An article published online on October 9, 2013 in Breast Cancer Research and Treatment reports the results of a meta-analysis conducted by Canadian researchers which found an association between higher serum levels of vitamin D and better prognosis for women with early stage breast cancer.
For their analysis, Pamela J. Goodwin of the University of Toronto and her colleagues selected eight studies involving a total of 5,691 women diagnosed with breast cancer from 1973 to 2010. Blood samples were collected, on average, within 90 days of diagnosis or shortly before treatment. Deficient levels of vitamin D were uncovered in 38.6% of the subjects.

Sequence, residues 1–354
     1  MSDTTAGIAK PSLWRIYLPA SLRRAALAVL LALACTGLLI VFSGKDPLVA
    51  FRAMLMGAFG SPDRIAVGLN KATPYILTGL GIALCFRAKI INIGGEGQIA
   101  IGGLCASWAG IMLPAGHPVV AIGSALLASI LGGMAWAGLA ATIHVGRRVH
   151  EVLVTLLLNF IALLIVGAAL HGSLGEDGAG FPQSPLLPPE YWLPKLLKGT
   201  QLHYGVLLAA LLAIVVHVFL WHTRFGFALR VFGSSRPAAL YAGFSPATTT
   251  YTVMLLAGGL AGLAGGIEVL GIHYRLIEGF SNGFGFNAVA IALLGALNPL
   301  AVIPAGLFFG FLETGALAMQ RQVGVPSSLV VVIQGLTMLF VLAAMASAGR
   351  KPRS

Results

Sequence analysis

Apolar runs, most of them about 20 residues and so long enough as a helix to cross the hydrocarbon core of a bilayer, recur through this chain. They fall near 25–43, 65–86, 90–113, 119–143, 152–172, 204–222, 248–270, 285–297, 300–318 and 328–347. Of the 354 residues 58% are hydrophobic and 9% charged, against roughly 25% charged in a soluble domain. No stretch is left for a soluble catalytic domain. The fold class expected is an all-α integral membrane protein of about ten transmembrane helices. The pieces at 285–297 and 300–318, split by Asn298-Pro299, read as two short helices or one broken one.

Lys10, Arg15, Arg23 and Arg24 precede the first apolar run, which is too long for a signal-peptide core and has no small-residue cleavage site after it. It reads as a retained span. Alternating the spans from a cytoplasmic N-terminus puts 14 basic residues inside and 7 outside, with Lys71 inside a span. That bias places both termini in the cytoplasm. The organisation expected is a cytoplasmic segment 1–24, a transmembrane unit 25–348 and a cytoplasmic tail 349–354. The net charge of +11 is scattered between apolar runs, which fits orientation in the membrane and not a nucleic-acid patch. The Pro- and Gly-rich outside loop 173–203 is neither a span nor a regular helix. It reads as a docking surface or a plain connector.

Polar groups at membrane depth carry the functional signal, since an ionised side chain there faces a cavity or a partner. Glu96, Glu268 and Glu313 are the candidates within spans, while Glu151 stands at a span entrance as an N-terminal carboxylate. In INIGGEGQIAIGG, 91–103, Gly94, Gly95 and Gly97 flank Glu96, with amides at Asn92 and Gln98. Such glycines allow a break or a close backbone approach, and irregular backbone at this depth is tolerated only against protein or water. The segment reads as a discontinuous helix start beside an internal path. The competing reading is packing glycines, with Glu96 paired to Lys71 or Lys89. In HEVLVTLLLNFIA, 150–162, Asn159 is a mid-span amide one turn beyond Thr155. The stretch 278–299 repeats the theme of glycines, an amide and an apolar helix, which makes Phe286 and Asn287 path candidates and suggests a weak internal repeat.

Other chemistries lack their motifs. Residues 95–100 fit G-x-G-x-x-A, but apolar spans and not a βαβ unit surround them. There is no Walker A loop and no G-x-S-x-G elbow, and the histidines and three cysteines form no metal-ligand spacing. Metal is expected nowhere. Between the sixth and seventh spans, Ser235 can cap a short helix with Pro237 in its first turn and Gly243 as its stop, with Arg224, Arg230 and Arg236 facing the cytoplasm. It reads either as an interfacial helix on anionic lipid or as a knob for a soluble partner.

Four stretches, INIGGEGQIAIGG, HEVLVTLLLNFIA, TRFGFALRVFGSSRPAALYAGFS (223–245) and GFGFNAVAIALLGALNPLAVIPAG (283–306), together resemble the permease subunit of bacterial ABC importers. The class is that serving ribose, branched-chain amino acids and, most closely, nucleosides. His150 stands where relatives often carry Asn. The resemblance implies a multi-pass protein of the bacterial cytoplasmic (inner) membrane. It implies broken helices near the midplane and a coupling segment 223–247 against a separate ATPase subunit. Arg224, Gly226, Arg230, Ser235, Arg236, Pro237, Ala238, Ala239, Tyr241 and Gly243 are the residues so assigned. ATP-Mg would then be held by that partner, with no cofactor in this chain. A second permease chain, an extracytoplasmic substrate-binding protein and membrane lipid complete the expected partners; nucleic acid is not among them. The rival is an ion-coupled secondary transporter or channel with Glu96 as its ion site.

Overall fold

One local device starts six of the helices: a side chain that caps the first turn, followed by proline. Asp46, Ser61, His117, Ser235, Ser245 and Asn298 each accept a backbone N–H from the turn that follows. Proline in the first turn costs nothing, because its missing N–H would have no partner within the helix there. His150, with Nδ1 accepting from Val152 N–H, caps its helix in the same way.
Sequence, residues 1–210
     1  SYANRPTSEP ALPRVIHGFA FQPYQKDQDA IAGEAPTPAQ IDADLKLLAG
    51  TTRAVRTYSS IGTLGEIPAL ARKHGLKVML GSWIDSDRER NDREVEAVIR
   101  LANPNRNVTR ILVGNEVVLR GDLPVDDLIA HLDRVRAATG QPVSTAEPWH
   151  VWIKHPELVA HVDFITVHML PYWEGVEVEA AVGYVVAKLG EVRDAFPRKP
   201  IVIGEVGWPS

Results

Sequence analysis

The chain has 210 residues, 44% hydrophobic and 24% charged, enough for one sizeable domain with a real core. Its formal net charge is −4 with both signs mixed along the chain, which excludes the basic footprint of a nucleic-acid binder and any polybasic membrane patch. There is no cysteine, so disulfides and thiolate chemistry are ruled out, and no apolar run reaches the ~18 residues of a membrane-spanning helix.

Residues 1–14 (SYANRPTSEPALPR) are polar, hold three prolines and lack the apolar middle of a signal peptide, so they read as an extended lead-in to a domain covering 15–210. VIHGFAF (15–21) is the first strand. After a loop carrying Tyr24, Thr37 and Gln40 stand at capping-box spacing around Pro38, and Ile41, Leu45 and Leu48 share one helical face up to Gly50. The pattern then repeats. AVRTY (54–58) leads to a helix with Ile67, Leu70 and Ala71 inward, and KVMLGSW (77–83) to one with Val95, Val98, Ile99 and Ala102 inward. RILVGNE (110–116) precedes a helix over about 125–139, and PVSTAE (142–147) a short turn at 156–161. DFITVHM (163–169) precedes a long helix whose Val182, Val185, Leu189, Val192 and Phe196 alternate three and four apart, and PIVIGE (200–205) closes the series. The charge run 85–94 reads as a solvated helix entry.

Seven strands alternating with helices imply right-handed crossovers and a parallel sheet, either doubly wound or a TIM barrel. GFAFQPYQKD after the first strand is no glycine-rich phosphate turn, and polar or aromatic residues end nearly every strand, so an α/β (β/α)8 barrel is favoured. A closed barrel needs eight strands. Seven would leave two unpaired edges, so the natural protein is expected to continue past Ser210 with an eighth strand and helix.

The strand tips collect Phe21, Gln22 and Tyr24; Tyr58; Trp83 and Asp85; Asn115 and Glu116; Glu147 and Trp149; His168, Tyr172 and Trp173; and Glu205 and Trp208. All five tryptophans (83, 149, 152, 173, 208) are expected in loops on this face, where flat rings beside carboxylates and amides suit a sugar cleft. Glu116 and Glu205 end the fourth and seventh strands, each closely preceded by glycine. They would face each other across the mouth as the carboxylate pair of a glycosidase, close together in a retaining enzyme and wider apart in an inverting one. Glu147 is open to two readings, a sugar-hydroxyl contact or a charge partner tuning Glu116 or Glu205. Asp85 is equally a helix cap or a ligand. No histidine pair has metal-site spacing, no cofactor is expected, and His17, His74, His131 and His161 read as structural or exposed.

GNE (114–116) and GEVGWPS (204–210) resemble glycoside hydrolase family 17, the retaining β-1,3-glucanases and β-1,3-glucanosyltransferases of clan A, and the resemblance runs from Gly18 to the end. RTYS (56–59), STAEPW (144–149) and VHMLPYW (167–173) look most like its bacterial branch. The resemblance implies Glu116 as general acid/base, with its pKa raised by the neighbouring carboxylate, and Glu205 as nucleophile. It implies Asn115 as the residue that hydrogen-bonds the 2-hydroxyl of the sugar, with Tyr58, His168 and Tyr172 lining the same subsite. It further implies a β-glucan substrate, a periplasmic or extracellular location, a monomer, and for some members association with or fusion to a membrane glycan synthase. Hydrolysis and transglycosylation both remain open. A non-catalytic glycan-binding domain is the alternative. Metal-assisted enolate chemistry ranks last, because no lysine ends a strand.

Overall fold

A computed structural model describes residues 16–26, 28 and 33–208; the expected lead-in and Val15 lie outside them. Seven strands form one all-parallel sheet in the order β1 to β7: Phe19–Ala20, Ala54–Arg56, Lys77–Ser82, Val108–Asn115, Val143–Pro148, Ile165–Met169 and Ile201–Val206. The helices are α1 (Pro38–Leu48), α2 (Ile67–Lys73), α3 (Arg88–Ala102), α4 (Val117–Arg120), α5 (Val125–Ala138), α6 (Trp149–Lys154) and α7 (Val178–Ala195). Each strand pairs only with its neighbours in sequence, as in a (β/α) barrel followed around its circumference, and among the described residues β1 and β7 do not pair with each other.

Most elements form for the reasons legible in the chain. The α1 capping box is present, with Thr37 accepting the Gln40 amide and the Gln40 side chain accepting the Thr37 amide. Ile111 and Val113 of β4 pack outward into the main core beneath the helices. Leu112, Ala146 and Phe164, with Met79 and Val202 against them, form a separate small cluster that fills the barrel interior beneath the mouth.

When the lowest versus highest categories of serum vitamin D were compared in a pooled analysis, women whose levels were low had a risk of recurrence that was more than double that of subjects whose levels were high and a risk of death that was 76% higher.
The authors remark that vitamin D, when activated, can alter the transcription and expression of specific genes, resulting in growth arrest, apoptosis, aromatase suppression, decreased inflammation, and inhibition of angiogenesis, invasion and metastasis, all of which help combat cancer.
“These findings support an association of low levels of vitamin D with increased risk of recurrence and death in early stage breast cancer patients,” the authors conclude.